South Asian Americans came out in large numbers in several cities across the U.S. to protest against India’s citizenship laws, Jan. 19. The rallies were organized by groups like Equality Labs, South Asia Solidarity Initiative (SASI) and Indian American Muslim Council as part of a National Day of Action against the Citizenship Amendment Act and Modi government’s Hindutva agenda. Protests were held in Seattle, Washington; Fremont and Los Angeles, California; Decatur, Georgia; Jersey City, New Jersey; Boston, Massachusetts; and Detroit Michigan.
Protesters condemned the rising fascism and police brutality in India and also demanded that the Government of India repeal the Citizenship Amendment Act (CAA) and withdraw the National Registry of Citizenship (NRC) and the National Population Register (NPR) to safeguard India’s Constitution and civil liberties.
Protesters chanted slogans, as they held up placards to register their dissent against what they say is an unconstitutional law, which paves the way for fast track citizenship for Hindus, Sikhs, Christians and Parsis from Bangladesh, Pakistan and Afghanistan. The law is deemed anti-secular because it leaves out Muslims.
Thenmozhi Soundararajan, executive director of Equality Labs told Religion News Service that the aim of the National Day of Action “is to challenge the slice of the Indian American community in the U.S. sympathetic to India’s right-wing politics.” She told RNS that “this protest is about the diaspora drawing a line in the sand.”
“A global resistance is rising to hold the Modi administration accountable for its gross violations of human rights and religious freedom, and for leading India down the path of fascism,” the Daily Caravan quoted Syed Ali, a member of Indian American Muslim Council (IAMC) as saying.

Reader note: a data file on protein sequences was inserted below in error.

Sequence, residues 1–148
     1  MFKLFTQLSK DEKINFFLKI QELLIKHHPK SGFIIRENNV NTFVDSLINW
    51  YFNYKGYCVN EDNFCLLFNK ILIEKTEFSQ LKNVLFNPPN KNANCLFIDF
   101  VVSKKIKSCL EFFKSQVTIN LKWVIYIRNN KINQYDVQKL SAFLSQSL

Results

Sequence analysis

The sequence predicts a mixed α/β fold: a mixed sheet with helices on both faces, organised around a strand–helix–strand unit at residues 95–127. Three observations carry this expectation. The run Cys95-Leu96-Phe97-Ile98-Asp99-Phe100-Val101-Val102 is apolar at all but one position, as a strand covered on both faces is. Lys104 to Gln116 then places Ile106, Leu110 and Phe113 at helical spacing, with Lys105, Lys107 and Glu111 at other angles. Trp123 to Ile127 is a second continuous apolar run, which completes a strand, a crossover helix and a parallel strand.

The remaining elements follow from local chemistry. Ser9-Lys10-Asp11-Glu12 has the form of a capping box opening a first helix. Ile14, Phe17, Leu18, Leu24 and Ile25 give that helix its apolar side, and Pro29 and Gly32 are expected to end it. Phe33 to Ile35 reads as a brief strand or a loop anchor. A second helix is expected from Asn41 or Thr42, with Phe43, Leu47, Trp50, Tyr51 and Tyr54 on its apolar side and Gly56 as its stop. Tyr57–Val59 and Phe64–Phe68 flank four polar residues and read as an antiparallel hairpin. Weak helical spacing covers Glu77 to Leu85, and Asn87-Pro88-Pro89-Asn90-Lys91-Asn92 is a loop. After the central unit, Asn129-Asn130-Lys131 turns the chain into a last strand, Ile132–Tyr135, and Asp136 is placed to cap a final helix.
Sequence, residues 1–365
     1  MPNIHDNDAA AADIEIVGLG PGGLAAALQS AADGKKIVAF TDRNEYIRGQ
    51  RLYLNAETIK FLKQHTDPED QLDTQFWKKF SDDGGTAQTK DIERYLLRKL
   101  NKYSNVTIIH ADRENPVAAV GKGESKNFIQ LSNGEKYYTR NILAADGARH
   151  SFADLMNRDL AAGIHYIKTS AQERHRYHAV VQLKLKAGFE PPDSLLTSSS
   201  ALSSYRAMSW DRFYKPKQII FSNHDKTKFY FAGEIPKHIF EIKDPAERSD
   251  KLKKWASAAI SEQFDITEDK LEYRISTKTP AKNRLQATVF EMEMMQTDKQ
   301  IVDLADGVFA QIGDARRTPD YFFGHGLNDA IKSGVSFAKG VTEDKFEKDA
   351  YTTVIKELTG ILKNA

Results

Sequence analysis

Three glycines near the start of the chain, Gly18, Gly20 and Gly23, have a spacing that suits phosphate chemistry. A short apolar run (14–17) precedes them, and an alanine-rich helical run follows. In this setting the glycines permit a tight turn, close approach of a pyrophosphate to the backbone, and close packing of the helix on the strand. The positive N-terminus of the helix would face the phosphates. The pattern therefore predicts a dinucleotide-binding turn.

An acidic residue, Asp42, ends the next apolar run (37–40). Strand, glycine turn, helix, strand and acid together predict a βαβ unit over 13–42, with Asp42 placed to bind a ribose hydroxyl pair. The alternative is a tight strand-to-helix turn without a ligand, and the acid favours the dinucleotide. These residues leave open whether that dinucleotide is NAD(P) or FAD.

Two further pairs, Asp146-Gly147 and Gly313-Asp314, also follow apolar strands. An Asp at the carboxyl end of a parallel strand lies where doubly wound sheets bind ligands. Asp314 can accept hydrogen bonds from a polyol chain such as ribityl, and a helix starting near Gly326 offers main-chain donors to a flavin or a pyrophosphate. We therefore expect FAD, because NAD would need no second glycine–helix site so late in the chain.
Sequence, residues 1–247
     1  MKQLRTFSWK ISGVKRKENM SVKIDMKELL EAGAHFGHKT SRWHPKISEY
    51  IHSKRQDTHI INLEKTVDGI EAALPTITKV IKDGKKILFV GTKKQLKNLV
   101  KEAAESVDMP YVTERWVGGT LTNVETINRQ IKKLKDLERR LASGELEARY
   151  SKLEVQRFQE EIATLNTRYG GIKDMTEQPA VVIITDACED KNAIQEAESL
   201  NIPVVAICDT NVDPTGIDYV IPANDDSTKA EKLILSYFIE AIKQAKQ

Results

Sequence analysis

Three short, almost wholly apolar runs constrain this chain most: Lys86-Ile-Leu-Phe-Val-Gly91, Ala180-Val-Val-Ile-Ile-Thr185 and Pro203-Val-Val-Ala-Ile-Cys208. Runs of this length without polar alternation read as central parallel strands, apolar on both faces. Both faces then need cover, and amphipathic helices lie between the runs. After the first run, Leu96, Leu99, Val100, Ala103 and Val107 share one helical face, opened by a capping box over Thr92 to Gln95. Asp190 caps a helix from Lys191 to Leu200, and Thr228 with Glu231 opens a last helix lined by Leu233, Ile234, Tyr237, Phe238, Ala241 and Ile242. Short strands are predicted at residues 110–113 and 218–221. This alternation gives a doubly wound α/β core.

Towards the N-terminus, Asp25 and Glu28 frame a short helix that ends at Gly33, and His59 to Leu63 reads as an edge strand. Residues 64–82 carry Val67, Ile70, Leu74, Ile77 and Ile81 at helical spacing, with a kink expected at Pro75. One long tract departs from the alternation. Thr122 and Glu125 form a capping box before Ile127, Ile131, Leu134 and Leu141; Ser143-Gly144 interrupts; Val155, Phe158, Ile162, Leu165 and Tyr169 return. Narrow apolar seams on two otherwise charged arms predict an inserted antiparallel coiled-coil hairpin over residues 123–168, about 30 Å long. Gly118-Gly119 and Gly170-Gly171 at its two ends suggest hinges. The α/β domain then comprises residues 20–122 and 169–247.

Seattle City Councilwoman Kshama Sawant, who attended the anti-CAA and NRC protest in Bellevue, Washington, told this correspondent that the progressive South Asian community in Seattle realizes the dangers of the deadly combination of the CAA and the NRC and how it will affect not only the 200 million Muslims, but also the marginalized and poor communities, as well as the oppressed, the women, the LGBTQ community and the poorest of the poor. “The CAA and the NRC have, in so many ways, been a watershed moment because it has struck a nerve with a section of the society.” She said that as a socialist, what is heartening to her is to see the kind of unity the law is building in her community. “People of all walks of life, some who are protesting for the first time in their lives, and coming together, in solidarity,” she said.
Sawant said that the Sept. 22 “Howdy Modi” event seemed to many Indian Americans to be a clear endorsement of Hindu nationalism by the Trump administration. In turn, the event also appeared to be an endorsement on the part of Indian Americans in attendance of the anti-black and anti-immigrant rhetoric Trump employs, activits said.
In New York, members of the Assamese diaspora and their allies gathered at Union Square Park to demonstrate against the CAA, demanding that the Indian government protects the indigenous rights of the Assamese people.
“CAA will be harmful for the unique ethnic and cultural diversity of Assam and the entire northeast, which we are so proud of,” a press release issued by organizers of the New York protest, quoted Dr. Rifat Mannan, an assistant professor of Clinical Pathology and Laboratory Medicine at the University of Pennsylvania, as saying. “I hope our voices are heard.”
Organizers say the law will divide the constitutionally-secular country along Hindu-Muslim communal lines and will have grave economic and socio-cultural implications for Northeast India — the poorest albeit culturally rich and ethnically pluralistic region of India
“We cannot let our homeland lose its beauty and culture of diversity,” said Malabika Brahma, a New Jersey resident. “We are proud of it. We will celebrate it and protect it.”
Connected by a narrow chicken neck corridor to Mainland India, Assam and its neighboring states share a porous border with Myanmar, Bhutan, Bangladesh, Nepal and China. Since independence, the region has provided sanctuary to millions of refugees and migrants, overwhelming the small indegenous populations, endangering their way of life and depleting land and natural resources.
The press release, citing Census data, said that the Assamese speaking population in the state declined from 60.88 percent in 1971 to 48.81 in 2001. The indigenous people are wary that welcoming more people from across the border would jeopardize their cultural and language identity.
Similar protests are planned at the Embassy of India in Washington, D.C., as well as in Indian missions and consulates across the U.S., on Jan. 26.